September 4 is significant in the history of cricket for a couple of important occurrences. Here’s a look.
The Oval Test of 1979: September 4, 1979 was the last day of the fourth and final Test between India and England. India were chasing a target of 438 to win in the last innings. Although they began the day at 76 for no loss, an England victory seemed the most likely possibility. However, the hosts might not have taken into consideration that India would run them really close. What transpired on the final day at The Oval is not stuff of legend.
Sunil Gavaskar and Chetan Chauhan added 213 for the opening wicket, before the latter was dismissed by Bob Willis for 80. Gavaskar then continued the good work in the company of Dilip Vengsarkar, adding another hundred run stand. They took the score to 366 when Vengsarkar fell just after completing his fifty. While the promoted Kapil Dev was dismissed for a duck, Gavaskar carried on to complete a well-deserved double hundred. He was eventually dismissed for a memorable 221. At 398 for 4, victory was within India’s sight. But, a middle order collapse, and a run out set India back, and India eventually settled for a draw. England won the four-match series 1-0.
Birth of the destructive Lance Klusener: September 4 marks the birth of the one of the most renowned all-rounders of the modern era, Lance Klusener. Zulu, as he is famously known, is most remembered for his exploits in the 1999 World Cup when almost single-handedly took South Africa to the final. That moment when a mix-up with Allan Donald saw the latter run-out remains a painful moment in South African cricket. But, nothing can take away from the efforts of Zulu, who finished the tournament with an average of 140, being dismissed only twice. With the ball, he also claimed a five-for against Kenya.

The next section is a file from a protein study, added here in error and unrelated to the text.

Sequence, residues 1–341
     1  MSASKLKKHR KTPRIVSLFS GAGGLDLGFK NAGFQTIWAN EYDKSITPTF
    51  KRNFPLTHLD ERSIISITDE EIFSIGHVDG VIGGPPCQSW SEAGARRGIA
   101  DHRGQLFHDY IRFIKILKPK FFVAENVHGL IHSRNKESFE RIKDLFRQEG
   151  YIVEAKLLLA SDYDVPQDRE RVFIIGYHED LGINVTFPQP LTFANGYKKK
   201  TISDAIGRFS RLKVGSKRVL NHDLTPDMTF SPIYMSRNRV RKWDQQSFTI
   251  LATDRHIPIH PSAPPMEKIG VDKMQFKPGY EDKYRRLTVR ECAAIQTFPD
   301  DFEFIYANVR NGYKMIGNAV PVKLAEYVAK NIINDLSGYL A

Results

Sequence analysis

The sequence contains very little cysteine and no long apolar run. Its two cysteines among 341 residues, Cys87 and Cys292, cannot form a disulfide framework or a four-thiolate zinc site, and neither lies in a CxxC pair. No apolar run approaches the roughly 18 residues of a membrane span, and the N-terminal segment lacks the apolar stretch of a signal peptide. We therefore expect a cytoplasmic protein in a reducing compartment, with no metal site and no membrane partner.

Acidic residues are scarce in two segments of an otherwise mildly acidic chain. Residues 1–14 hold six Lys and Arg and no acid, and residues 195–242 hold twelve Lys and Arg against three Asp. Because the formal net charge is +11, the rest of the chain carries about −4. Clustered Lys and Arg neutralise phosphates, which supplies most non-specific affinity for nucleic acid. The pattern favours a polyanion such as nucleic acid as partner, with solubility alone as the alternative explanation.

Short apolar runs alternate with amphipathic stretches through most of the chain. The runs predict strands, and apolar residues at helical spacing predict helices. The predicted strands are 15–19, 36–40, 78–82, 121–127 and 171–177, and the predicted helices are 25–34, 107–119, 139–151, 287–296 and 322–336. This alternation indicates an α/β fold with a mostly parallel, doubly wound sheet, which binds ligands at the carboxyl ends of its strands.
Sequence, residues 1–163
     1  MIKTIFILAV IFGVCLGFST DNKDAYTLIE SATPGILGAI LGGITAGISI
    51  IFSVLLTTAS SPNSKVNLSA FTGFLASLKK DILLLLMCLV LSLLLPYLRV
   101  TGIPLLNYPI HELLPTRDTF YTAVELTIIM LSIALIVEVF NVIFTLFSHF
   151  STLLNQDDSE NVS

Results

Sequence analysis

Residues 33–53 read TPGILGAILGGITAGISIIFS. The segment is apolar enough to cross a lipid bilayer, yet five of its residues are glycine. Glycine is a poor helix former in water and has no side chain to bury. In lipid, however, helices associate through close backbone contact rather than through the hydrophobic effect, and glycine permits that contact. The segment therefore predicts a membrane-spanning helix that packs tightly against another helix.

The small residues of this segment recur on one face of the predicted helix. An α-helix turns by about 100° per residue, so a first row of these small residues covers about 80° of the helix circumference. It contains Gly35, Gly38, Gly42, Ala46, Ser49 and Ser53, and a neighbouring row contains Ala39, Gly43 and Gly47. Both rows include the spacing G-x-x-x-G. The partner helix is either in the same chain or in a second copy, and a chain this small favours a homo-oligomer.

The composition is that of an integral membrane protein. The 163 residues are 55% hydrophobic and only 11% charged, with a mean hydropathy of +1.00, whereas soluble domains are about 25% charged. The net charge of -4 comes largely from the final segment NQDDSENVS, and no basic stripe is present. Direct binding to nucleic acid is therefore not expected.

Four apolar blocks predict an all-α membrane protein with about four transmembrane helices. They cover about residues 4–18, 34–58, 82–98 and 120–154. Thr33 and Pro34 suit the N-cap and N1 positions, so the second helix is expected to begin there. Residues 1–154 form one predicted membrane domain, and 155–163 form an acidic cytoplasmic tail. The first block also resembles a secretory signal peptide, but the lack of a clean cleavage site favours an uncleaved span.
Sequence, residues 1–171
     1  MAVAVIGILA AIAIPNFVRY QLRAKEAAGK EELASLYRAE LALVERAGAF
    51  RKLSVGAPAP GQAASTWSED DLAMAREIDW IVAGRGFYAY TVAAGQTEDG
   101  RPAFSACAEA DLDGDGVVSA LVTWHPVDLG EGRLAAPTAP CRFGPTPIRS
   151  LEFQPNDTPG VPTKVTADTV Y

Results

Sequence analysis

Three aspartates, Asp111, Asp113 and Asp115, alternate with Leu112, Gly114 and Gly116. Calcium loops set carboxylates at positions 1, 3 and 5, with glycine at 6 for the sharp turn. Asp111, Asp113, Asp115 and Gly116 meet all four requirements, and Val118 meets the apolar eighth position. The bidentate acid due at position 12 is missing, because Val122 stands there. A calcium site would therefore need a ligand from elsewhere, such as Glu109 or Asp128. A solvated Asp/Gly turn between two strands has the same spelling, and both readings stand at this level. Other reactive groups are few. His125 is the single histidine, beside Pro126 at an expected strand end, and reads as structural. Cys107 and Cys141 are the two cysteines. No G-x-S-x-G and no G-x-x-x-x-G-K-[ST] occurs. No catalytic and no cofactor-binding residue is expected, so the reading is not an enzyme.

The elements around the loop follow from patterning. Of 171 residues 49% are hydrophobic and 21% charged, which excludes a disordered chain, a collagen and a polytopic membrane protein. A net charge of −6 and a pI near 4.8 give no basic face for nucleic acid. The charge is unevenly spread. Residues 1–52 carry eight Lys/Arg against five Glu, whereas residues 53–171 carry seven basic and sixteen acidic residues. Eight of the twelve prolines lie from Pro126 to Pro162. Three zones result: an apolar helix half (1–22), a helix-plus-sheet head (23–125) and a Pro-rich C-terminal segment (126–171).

Three years before his World Cup exploits, Klusener burst onto the Test scene with figures of 8 for 64 at Kolkata. They were to remain his best figures in Tests. He also got a hundred against India at Newlands in his debut season. However, injury forced Klusener to cut down on his pace, which reduced his efficiency at the Test level. In all, he played 49 matches and scored 1906 runs at an average of 32.86 with 4 hundreds and 8 fifties. With the ball, he picked up 80 wickets with one five-wicket haul and two four-wicket hauls, at an average of 37.91, which slipped as his bowling went down the hill.
In ODIs though, he remained a destructive force. In all he played 171 ODIs, scoring 3576 runs at an average of 41.10 with two hundreds and 19 fifties. With the ball he claimed 192 wickets averaging 29.95, with six five-wicket hauls. Had the South African think-tank shown better faith in him, he would have ended up with even better numbers.
--By A Cricket Analyst